Plaintiffs' Attorneys Pursue Legislative Agenda

Bills Target Binding Arbitration, Harmful Drugs, Avoiding Trial, Civil-Suit Backlogs

By Linda Rapattoni, Daily Journal Staff Writer
San Francisco Daily Journal, March 8, 2008

SACRAMENTO - Kathryn Stebner's clients are old or dead. They've jumped out windows, died in fires or suffocated, or their bones have been exposed through dying flesh. They were neglected.

Attorney Kathryn Stebner, who specializes in elder-abuse cases, wants to make it so no one has to agree to sign away his or her rights to a jury trial as a condition of being able to move into an assisted-care home.

They paid someone to cook for them, clean for them and help them get through the daily tasks most people take for granted. And then they paid with their lives.

Stebner cited three examples: a demented woman twice tried to jump out of an unlocked window and succeeded the second time. Another woman died of smoke inhalation because bed rails prevented her from escaping a fire. A third, on oxygen, had a new level administered, and the care facility didn't check on her. All of them died.

Their families were surprised to learn they can't sue the caregivers, Stebner said. They missed the pre-dispute binding arbitration clause in the stack of 20 papers they signed to get their parents into a residential care home.
Stebner, a San Francisco lawyer, wants to make it so no one has to agree to sign away his or her rights to a jury trial as a condition of being able to move into an assisted-care home.

She's closely watching a bill, AB2947 by Mike Eng, D-Monterey Park. It's one of four measures the Consumer Attorneys of California are pushing in the Legislature this year. The bill comes up for its first hearing Tuesday.
Other bills would hold drug companies liable for failing to warn patients about harmful drugs, break up backlogs of civil cases, and resolve disputes valued under $30,000 without going to court.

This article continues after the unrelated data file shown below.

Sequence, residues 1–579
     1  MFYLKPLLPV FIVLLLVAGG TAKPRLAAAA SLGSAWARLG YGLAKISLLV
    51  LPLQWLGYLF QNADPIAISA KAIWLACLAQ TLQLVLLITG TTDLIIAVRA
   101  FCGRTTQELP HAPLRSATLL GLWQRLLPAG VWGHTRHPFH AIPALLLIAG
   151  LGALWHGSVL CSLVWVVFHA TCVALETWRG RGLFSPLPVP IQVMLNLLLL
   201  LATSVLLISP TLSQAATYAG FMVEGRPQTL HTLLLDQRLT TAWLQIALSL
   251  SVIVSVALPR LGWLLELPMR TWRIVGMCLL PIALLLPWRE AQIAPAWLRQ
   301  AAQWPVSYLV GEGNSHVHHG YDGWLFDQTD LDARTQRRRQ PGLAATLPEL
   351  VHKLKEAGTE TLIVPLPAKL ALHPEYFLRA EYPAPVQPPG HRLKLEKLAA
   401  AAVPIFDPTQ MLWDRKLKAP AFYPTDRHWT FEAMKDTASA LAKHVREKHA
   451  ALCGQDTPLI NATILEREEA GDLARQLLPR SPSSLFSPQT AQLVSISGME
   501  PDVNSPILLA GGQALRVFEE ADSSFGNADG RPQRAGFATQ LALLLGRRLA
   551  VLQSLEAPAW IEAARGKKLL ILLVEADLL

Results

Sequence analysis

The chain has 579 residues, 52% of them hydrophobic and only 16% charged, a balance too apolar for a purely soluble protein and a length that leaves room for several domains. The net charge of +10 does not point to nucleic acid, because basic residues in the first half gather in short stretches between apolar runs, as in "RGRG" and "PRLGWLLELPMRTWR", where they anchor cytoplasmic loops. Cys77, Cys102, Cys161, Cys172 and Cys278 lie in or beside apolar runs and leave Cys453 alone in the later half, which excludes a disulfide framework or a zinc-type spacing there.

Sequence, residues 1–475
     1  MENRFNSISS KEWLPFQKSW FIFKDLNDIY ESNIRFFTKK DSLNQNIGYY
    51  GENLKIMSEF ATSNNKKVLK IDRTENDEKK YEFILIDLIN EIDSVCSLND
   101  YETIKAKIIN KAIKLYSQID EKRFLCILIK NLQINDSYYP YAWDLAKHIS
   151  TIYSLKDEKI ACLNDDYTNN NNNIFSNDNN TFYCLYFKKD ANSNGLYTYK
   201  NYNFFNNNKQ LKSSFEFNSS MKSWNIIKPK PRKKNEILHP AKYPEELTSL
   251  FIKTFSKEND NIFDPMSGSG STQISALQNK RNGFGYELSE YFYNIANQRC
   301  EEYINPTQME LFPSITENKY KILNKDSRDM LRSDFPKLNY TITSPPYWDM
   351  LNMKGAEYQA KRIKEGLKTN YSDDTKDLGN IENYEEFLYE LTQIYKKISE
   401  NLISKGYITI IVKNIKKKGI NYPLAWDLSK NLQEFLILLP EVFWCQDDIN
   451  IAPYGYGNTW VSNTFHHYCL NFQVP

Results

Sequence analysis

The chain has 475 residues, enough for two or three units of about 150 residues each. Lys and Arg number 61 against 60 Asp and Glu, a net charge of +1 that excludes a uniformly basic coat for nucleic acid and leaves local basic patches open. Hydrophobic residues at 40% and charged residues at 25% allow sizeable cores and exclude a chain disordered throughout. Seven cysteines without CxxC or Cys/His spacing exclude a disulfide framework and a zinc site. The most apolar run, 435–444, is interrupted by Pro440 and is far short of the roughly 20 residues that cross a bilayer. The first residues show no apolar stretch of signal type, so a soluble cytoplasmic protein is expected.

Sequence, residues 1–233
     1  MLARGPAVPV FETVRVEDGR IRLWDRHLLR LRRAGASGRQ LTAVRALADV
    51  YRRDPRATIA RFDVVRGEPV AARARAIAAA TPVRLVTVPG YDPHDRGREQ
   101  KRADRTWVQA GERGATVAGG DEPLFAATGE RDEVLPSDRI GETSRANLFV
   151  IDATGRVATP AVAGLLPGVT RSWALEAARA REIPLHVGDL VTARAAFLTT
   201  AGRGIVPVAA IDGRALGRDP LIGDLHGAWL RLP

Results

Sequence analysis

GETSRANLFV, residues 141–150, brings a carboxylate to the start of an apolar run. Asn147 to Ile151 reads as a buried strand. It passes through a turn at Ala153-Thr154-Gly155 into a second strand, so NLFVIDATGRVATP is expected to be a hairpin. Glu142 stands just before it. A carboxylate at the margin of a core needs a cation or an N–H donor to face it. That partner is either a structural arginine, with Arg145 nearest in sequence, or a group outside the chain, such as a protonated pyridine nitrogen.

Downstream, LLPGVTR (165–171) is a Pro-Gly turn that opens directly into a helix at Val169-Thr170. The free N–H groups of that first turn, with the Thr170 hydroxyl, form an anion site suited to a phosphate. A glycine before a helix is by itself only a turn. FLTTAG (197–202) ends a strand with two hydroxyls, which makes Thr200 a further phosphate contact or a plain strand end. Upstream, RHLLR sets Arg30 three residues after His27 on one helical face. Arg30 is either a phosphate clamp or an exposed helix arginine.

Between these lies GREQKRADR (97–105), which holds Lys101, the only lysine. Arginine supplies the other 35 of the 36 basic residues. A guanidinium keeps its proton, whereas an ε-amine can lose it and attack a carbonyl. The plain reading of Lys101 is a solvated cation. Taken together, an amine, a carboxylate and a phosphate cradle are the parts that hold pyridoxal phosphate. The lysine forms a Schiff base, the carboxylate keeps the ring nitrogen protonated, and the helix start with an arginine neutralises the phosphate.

Owners of residential care facilities don't like Eng's bill.

Heather Harrison, vice president of public policy for California Assisted Living Association, said changing the arbitration clause isn't going to reduce or deter elder abuse.

"It's amending the arbitration act to single out residential care facilities for the elderly," Harrison said.

Arbitration is cheaper than going to court, she said. It keeps costs down, savings that are passed on to residents, she said.

California has a wide variety of elder care homes, so families can shop for the one that's right for their loved ones, Harrison said. If they don't like the arbitration clause, they can go somewhere else, she said.

That's not always possible, said Stebner, who specializes in elder abuse cases. Small communities sometimes have only one assisted-care home.

And arbitration can be expensive, especially when complicated issues take an average of a month to resolve, she said.

Nevertheless, the California Dispute Resolution Council, comprising alternative dispute resolution neutrals, contends the proposed ban on binding arbitration is pre-empted by federal law.

The organization's lobbyist, Donne Brownsey, said the neutrals would support the measure if it simply stated that limiting the forum for resolution would not be allowable in these kinds of contracts.

The plaintiffs' lawyers tried but failed in 2003 to bar pre-dispute binding arbitration clauses in contracts for elder home care. Former Sen. Joe Dunn, D-Santa Ana, had to remove the ban to win approval for his bill, SB211, which increased disclosure requirements by caregivers.

"The Internet has complicated matters by making drugs available to the public without a visit to a doctor."

-Christine Spagnoli, Consumer Attorneys of California legislative chairman and president-elect

The lawyers can expect another battle with AB2690 by Paul Krekorian, D-Burbank. It would require makers of prescription drugs to warn consumers of the risks and side effects of their products.